Uddalata felt that his son would not be able to grasp anything at all if he tried to tell him the truth about Brahman in words. He thought it better to teach the truth him by example. So he brought a pot filled with water. He brought also some sugar in his hand and he showed the sugar to his son. After showing him the sugar, he put all that sugar into the water in the pot. Then he stirred the sugar till it was completely dissolved in the water and then looked at the son and asked him; "I brought the sugar with me and you have seen the sugar yourself, I have put it into the vessel. Can you tell me where in this vessel does that sugar lie now?' The son looked into the vessel and of course did not find any sugar remaining as such in the vessel. The father put a few drops of the contents of the vessel from the bottom on the tongue of the son and asked, "how do you find the taste? You can take a drop from anywhere within the vessel and taste it." The son had to agree that the sugar was there now in every drop of the contents of the vessel and that it was present everywhere in that vessel. Then the father explained saying: "Just as you have now seen this sugar being present everywhere, so also Brahman assumes the form of a 'saguna' or One who has the attributes and comes into the world and resides in every being, in everything that you see around you in this world. It is not possible to see Him separately with your eyes; it is not possible to get hold of Him separately with your hands, but it is only possible to cognize Him by experiencing Him in the state of the world. You cannot do anything more with your gross body than to experience Brahman who is omnipresent and all pervading ".

It is only after you have attained this rich experience that you will be in a position to talk of Adwaita and give expressions to the nature of God and His omnipresence etc. It is only after such an experience will you have any claim, right and authority to talk about the omnipresence of God. Otherwise, with more book-knowledge, prattling like a parrot about God and His omnipresence, as if you truly know all, is all untruth. Only after the non-dual experience of divinity can you talk of Adwaita or nondualism.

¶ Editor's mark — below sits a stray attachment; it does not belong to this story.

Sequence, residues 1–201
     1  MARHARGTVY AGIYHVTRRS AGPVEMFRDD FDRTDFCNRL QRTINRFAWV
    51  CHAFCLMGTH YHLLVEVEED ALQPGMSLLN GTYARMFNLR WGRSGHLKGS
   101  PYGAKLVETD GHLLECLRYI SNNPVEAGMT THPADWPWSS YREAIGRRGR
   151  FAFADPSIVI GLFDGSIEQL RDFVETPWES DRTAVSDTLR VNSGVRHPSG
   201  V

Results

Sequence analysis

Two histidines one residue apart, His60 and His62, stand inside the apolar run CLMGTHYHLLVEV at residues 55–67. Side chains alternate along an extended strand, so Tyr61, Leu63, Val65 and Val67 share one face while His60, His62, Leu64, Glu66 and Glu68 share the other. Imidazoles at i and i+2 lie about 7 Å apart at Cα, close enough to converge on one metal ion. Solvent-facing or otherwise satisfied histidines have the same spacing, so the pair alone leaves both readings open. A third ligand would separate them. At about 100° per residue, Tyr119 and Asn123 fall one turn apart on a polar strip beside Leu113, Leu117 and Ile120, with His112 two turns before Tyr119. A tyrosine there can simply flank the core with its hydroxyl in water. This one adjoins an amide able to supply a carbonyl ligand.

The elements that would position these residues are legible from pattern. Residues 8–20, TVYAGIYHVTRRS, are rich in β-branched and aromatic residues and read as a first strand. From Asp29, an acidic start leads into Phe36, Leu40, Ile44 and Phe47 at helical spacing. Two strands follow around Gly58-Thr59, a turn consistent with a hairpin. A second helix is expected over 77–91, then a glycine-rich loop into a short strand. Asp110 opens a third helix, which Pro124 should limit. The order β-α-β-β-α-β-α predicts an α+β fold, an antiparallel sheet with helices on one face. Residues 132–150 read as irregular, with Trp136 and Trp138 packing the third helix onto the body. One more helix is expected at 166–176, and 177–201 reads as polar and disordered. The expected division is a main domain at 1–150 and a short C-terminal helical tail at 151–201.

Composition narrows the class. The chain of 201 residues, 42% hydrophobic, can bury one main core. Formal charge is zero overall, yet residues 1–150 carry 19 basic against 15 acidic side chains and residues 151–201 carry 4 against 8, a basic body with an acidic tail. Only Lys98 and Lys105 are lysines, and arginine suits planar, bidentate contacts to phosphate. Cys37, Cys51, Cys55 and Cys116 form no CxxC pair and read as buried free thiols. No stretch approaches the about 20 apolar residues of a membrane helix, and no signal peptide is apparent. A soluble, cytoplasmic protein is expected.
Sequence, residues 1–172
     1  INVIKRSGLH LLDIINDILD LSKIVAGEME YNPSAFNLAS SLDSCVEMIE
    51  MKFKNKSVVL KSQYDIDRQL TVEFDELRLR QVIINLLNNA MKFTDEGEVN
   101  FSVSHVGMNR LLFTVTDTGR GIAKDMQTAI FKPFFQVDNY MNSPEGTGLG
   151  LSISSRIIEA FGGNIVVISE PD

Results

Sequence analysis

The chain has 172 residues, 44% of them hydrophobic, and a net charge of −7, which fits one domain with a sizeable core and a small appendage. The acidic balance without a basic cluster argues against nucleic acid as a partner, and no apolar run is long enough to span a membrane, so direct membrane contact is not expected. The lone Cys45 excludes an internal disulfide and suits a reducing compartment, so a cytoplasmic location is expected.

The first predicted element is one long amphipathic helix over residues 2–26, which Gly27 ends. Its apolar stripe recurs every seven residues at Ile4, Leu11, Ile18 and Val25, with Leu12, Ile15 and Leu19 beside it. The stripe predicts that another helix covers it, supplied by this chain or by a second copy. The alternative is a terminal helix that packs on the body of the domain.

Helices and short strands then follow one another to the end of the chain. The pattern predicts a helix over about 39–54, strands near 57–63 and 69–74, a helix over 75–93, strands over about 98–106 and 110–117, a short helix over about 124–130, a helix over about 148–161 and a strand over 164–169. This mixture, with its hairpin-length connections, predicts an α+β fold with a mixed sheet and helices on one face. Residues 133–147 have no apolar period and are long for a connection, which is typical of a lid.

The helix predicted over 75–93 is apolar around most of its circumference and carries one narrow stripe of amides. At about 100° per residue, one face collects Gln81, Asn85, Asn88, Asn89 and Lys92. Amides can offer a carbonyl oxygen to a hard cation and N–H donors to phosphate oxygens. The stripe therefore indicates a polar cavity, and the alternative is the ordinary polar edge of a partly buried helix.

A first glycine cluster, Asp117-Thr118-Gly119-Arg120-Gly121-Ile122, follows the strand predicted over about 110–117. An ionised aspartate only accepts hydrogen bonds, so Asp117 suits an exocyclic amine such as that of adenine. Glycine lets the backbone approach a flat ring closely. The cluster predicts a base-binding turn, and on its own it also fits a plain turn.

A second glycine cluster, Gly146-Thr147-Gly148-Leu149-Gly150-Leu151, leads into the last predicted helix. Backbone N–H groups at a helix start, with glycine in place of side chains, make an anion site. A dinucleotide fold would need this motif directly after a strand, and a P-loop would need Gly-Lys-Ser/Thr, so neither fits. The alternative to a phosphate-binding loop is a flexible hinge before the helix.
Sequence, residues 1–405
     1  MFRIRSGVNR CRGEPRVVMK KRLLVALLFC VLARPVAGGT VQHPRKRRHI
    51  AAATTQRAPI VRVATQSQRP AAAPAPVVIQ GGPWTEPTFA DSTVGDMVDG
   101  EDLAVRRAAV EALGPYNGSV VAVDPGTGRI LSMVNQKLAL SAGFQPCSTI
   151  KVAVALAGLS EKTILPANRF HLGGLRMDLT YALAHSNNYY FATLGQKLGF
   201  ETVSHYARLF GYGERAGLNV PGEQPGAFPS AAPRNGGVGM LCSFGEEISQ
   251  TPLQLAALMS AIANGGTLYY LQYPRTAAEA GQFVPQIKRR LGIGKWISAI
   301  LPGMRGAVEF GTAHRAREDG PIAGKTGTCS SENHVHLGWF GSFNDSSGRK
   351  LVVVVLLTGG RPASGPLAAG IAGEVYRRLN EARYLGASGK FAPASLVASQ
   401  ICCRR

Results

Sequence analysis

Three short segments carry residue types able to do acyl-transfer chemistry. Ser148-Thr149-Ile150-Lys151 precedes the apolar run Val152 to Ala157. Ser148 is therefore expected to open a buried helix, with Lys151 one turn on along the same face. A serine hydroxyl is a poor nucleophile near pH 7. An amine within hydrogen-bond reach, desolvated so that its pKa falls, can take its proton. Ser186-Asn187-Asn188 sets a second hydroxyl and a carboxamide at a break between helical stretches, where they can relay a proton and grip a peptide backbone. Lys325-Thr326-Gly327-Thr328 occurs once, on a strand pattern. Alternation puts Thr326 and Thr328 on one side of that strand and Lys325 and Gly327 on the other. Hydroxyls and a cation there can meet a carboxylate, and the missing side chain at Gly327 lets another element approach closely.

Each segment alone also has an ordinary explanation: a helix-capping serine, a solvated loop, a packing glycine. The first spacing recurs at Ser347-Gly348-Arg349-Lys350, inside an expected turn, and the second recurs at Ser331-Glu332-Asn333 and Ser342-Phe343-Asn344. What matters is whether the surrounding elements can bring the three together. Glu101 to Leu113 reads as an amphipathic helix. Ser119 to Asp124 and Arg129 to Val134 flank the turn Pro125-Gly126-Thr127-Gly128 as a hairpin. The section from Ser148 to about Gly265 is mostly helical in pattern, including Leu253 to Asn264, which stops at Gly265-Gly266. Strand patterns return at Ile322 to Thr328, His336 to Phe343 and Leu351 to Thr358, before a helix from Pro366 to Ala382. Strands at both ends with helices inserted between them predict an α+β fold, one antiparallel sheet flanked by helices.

47. Leave Everything to His Will

Yearning leads to surrender, and surrender gives highest joy. Leave everything to His Will, accept whatever happens whether pleasant or painful. There was a rich merchant once in Baghdad. He was leading a virtuous God-fearing life. He had a daughter whom he adored greatly, for she was the very embodiment of virtue. The father decided that he would give her in marriage only to a young man who was intimately bound with God, regarding of any other excellence or handicap. He searched for such a groom, in caravanserais, mosques and places where holy persons were likely to gather. One Friday, he noticed in the mosque a fair young man, on his knees even after all else had left, crying out to God most endearingly and with great sincerity. He approached him and asked whether he would marry his daughter. He said "I am the poorest of the poor; I have a leaky roof over my head, and a gravel floor whereon I sit. Who will wed such a beggar? I shall marry with some one who would not object to my spiritual sadhana, consents to share my poverty".

The merchant felt that he was the most eligible groom and the wedding was celebrated soon. His daughter came to the fakir's residence and started cleaning the floor. She was happy that her husband was of her own heart; she too was a pilgrim on the road to God, a practitioner of spiritual exercises. While sweeping the floor, she found in a corner a plate with a piece of bread on it. She asked him why it was kept there, and he replied, "I kept it by, lest tomorrow, when I go my rounds, we may not get enough to eat".

At this, the wife replied. 'I am ashamed of you. You have so little faith in Allah. He who gives us hunger, will He not give us bread, too? I shall not live with a person of this nature. You have no faith in God and His Compassion', she said, and left the fakir to himself.

48. God makes Himself aware to beasts and birds

There are people who bring forth tears when they pass away; there are others who bring forth your tears, when they pass across your way! They are to be avoided. God makes himself aware to beasts and birds, rather than to man, who have strayed into the wilderness. Recently at Dharmavaram, a jutka full of men luggage was being driven towards the railway station, the driver beating the horse mercilessly in the back and neck so that it may run fast. A bearded old man, fair and rosy in health, was passing that way. He accosted the driver and said, "Here! Don't hold the reins so tight. Leave them free, hold them loose! The horse will then run fast." The driver retorted, "You keep quiet! I know my horse better". One of the men inside the jutka said, "Who do you think he is?" The driver said, "I don't care"! The driver then heard a voice (it was the horse that spoke): "He is Krishna, who drove the horses of Arjuna's chariot: He knows all about horses!" The driver thought that the voice belonged to someone among his fare. He replied looking into the jutka, "He may know all about Arjuna's horses: but what does He know about mine?"

49. The Gopîs' Messenger